The plan does not approve or deny procedures, services, testing, or equipment for our members. Our decisions concern coverage only. The decision of whether or not to have a certain test, treatment or procedure is one made between the physician and his/her patient. The plan administers benefits based on the member’s contract and corporate medical policies. Physicians should always exercise their best medical judgment in providing the care they feel is most appropriate for their patients. Needed care should not be delayed or refused because of a coverage determination.

As a general rule, benefits are payable under health plans only in cases of medical necessity and only if services or supplies are not investigational, provided the customer group contracts have such coverage.

The following Association Technology Evaluation Criteria must be met for a service/supply to be considered for coverage:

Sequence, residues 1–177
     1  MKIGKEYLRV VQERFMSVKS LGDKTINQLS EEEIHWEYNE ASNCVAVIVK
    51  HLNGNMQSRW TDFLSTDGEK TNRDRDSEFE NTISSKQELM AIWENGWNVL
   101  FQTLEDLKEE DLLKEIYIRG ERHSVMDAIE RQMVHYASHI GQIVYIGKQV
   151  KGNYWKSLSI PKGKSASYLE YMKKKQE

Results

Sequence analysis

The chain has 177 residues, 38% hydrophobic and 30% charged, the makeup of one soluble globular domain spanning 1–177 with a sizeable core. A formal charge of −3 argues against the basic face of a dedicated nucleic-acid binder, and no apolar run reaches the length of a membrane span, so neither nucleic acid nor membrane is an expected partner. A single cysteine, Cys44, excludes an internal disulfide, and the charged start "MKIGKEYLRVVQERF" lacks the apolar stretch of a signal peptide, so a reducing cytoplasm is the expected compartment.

1. The technology must have final approval from the appropriate government regulatory bodies;

2. The scientific evidence must permit conclusions concerning the effect of the technology on health outcomes;

3. The technology must improve the net health outcome;

4. The technology must be as beneficial as any established alternatives;

5. The improvement must be attainable outside the investigational setting.

Medical Necessity means that health care services (e.g., procedures, treatments, supplies, devices, equipment, facilities or drugs) that a physician, exercising prudent clinical judgment, would provide to a patient for the purpose of preventing, evaluating, diagnosing or treating an illness, injury or disease or its symptoms, and that are:

1. In accordance with generally accepted standards of medical practice; and

2. Clinically appropriate in terms of type, frequency, extent, site and duration and considered effective for the patient’s illness, injury or disease; and

3. Not primarily for the convenience of the patient, physician or other health care provider; and

4. Not more costly than an alternative service or sequence of services at least as likely to produce equivalent therapeutic or diagnostic results as to the diagnosis or treatment of that patient’s illness, injury or disease.